In the biomedical industry, this means titanium and its alloys are not the best materials to use in joint replacement. In fact, titanium is an inferior material to cobalt-chromium alloys simply because titanium has a more damaging effect on the plastic liner of a joint component, which results in a lower life of the joint replacement as a whole [2].

Currently, there are many research studies that try to improve the wear characteristics of titanium. Naturally, many of those are focused on improving the surface of the material since the wear is a surface phenomenon. The advancement of metal additive manufacturing may also pave the way for more opportunities to improve the wear characteristics of titanium. Indeed, this is also my personal research focus. With the many controllable parameters in additive manufacturing, e.g., scanning strategies, laser parameters, and powder composition, I hope to manufacture a better titanium surface that will be more appropriate for tribological properties. When I achieve that, you’ll be sure to hear it in BioTrib’s blog!

References:

[1] X. X. Li, Q. Y. Zhang, Y. Zhou, J. Q. Liu, K. M. Chen, and S. Q. Wang, “Mild and Severe Wear of Titanium Alloys,” Tribol. Lett., vol. 61, no. 2, p. 14, Feb. 2016, doi: 10.1007/s11249-015-0637-8.
[2] M. Long and H. J. Rack, “Titanium alloys in total joint replacement—a materials science perspective,” Biomaterials, vol. 19, no. 18, pp. 1621–1639, Sep. 1998, doi: 10.1016/S0142-9612(97)00146-4.

 

This article was written by Vidhiaza Leviandhika as part of an ongoing series of scientific communications written and curated by BioTrib’s Early Stage Researchers.

Vidhiaza is researching the Development of Development of 3D-printed gradient alloys for joint implant component at Uppsala University, Sweden

World Economic Forum and ETH – RETHINKING LIVING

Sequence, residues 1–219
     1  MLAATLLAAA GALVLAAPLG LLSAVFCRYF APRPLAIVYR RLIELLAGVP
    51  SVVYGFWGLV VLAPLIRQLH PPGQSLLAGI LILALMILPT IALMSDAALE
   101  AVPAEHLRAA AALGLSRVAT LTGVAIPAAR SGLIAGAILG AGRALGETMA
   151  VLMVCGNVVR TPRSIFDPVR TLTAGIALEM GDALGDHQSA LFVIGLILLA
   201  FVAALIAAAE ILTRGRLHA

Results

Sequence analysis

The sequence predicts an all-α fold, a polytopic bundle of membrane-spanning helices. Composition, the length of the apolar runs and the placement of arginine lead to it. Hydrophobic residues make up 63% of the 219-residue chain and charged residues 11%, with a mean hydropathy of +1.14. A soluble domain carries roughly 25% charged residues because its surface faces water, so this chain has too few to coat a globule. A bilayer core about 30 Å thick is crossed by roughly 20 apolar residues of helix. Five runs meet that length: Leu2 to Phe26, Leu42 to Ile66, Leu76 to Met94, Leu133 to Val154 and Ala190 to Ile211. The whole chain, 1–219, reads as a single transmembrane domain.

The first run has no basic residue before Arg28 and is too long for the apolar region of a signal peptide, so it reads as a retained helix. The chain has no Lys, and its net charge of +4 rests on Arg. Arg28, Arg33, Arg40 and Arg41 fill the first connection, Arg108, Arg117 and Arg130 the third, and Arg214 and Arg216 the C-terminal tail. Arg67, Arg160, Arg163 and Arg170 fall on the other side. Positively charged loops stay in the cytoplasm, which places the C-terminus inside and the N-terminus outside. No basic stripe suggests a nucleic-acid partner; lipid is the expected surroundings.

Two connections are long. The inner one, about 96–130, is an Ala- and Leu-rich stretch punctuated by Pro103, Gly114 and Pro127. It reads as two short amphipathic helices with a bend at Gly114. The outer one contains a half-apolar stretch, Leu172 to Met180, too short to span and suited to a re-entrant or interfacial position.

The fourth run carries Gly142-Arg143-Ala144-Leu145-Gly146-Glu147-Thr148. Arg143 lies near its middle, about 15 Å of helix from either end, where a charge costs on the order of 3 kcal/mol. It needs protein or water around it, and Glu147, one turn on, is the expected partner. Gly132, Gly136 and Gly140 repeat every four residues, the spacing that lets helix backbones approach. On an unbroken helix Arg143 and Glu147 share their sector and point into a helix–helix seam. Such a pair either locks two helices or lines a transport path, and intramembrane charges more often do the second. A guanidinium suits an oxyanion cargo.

In May 2022, around 2,000 business leaders and politicians have been in Davos, in Switzerland, for the World Economic Forum’s (WEF) annual meeting. The WEF is an international non-governmental and lobbying organization based in Cologny, canton of Geneva, Switzerland. With the mission to “improve the state of the world by engaging business, political, academic, and other leaders of society to shape global, regional, and industry agendas”, it was founded in 1971 by German engineer and economist Klaus Schwab. The WEF is mostly known for its annual meeting in Davos. Over the course of five days, 3,000 paying members and selected participants – including investors, business leaders, politicians, economists, celebrities, and journalists – discuss global issues.

During the WEF Annual Meeting 2022, ETH Zurich hosts several exclusive events in its RETHINKING LIVING Pavilion. RETHINKING LIVING, created in the spirit of ETH alumnus A. Einstein: ”The important thing is not to stop questioning”, brings together scientists, industry experts, and outstanding global thinkers from ETH Zurich and across the world with the aim to re-think different conceptions of living, re-evaluate life choices, and re-consider the changes needed in a post-pandemic world. Will new technologies build a more sustainable, resilient, and equitable world? On the occasion of the WEF Annual Meeting and to incite exchange, three pioneering exhibits explore the human coexistence in different dimensions: the physical, “White Tower”, the cyber-physical, ”no1s1″ house, and the completely virtual, ”Digital Einstein”.

The White Tower (Cultural site and highest 3d printed building – see header image, credit to Hansmeyer/Dillenburger).

The White Tower is a 29-meter tall, entirely 3D printed building located along the Julier mountain pass in the remote Swiss village of Mulegns. The tower offers exhibitions, performances, and music. It aims to revitalize a village in decline and to describe the rich cultural history of Mulegns and its surroundings. A large portion of the tower will be built in an on-site fabrication lab. In this way, the tower provides digital skills to the mountain regions and advances local trade. It serves as a demonstration of the groundbreaking possibilities of computational design and digital fabrication, which will fundamentally change conventional buildings in the years to come.